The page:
The Hippocratic Affero GPL addendum

Some time ago Coraline Ada Ehmke created a Hippocratic MIT style Open Source license, and the Open Source Initiative explicitly commented on it, and said “it is not open source”. For me personally, Open Source and Free Software is not a goal, it is the means. The means to accomplish good things, and our reasons to create Open Source software, is because we (developers) wants to contribute positively to the world. Hence I don’t care what the OSI thinks about the Hippocratic Addendum to Open Source licenses to be honest with you, I intend to use it for my own software regardless of whether or not technicalities makes it an “open source license” or not.

The next release of Magic will therefor be released under two distinctly different licenses; One “quasi open source” license, the Affero GPL license with the “Hippocratic Addendum”. And another commercial/proprietary enabling license. I allow you to use the first license because I want to contribute to the world, and do my part in making it better. I sell the right to use Magic under the seconds type of license, because I need to pay my rent like everybody else. I also do not sell proprietary enabling licenses to governments or organisations who are in violation of international human rights, by for instance having a military presence in a country without a UN resolution underneath backing their presence, etc. Sorry, you can use something else do – But you cannot use Magic. If you don’t know what the Hippocratic Addendum is, you can find it below.

The Software may not be used by individuals, corporations, governments, or other groups for systems or activities that actively and knowingly endanger, harm, or otherwise threaten the physical, mental, economic, or general well-being of individuals or groups in violation of the United Nations Universal Declaration of Human Rights. Read more here – https://www.un.org/en/universal-declaration-human-rights/

You can read the UN’s Universal Declaration of Human Rights here.

Thank you Coraline for a great idea!

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Adding more developers to an already late project

This is a variation of the Mythical Man Month, and probably equally unintuitive. However, the research in this area is bulletproof and has been verified thousands of times by independent researchers, and its conclusion is “Adding more developers to an already late project only makes it later.”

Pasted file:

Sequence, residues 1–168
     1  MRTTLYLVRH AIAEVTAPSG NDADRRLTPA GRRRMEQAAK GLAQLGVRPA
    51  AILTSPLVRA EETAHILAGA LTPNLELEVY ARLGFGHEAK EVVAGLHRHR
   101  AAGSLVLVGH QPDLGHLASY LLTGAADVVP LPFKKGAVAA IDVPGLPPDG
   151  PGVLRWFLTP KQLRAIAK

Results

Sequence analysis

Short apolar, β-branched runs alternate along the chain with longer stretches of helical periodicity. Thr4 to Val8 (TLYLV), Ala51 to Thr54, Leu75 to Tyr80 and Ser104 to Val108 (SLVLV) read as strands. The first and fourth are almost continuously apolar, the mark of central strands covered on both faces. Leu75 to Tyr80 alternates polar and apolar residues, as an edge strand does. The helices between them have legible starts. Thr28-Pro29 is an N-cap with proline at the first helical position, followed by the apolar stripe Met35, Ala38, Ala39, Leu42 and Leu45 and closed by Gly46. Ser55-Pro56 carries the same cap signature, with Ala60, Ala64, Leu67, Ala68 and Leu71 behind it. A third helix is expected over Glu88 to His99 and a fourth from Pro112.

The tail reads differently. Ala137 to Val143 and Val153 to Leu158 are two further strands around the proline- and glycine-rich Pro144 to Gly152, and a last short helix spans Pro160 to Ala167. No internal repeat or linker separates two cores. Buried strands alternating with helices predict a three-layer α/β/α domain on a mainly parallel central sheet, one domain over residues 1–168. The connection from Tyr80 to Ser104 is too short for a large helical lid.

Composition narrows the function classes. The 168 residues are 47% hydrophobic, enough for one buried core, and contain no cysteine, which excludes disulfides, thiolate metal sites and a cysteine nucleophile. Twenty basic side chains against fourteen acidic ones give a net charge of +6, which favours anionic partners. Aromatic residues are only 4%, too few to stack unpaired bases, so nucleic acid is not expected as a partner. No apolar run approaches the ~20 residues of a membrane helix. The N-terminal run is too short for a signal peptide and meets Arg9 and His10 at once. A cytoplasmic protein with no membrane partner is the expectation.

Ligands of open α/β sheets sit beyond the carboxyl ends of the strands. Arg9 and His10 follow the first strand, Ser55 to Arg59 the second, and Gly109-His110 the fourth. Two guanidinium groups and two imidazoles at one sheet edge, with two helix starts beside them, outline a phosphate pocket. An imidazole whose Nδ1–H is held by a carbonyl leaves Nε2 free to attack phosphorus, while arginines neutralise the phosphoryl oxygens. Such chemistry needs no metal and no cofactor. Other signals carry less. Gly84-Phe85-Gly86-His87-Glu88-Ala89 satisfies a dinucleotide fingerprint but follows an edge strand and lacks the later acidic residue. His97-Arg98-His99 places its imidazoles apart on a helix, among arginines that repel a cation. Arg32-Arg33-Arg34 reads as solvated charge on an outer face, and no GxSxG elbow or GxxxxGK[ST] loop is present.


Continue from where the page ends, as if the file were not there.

The reasons of course includes that you’re forcing your only productive resource to spend precious time teaching the new developers to understand the existing codebase, in addition to that now the project requires overhead, coordination, and collaboration, adding to its overhead – So while you believe that you’ll be able to finish faster, the exact opposite is the result.

If your job is to move 1000 bricks from A to B, and you’re late, adding more manpower to the job obviously results in finishing earlier. Hence, human experience have taught us that adding more manpower to a job, results in finishing the job faster. Therefor, when a manager is faced with the prospect of not finishing the software project in time, his intuition is to add more manpower to the job. However, you’ll only make it later. Understanding this though, and believing in it, requires huge amounts of experience – Experience most software development managers don’t have. In addition it requires courage, courage to say “NO” when your investors and CEO are telling you to add more resources to your team. However, a mature and experienced software development leader will easily be able to explain this fact to his managers, allowing for the project to finish as fast as possible, without adding to the cognitive load of his team, by adding more manpower to an already late project.

There exists many reasons to hire more manpower, but making the project faster, is not one of those

Recruiters, you’re doing it all wrong

I just declined my “dream job” in Norway. A really great company, with an awesome idea, promising me large autonomy, for doing things “my own way”. They were also going to pay me €150.000 annually. My reasons for declining it? I couldn’t afford it. Now for the record, the base salary was €120.000, but knowing myself fairly well, I’d probably bring in at least €150.000 annually after bonuses and overtime was calculated.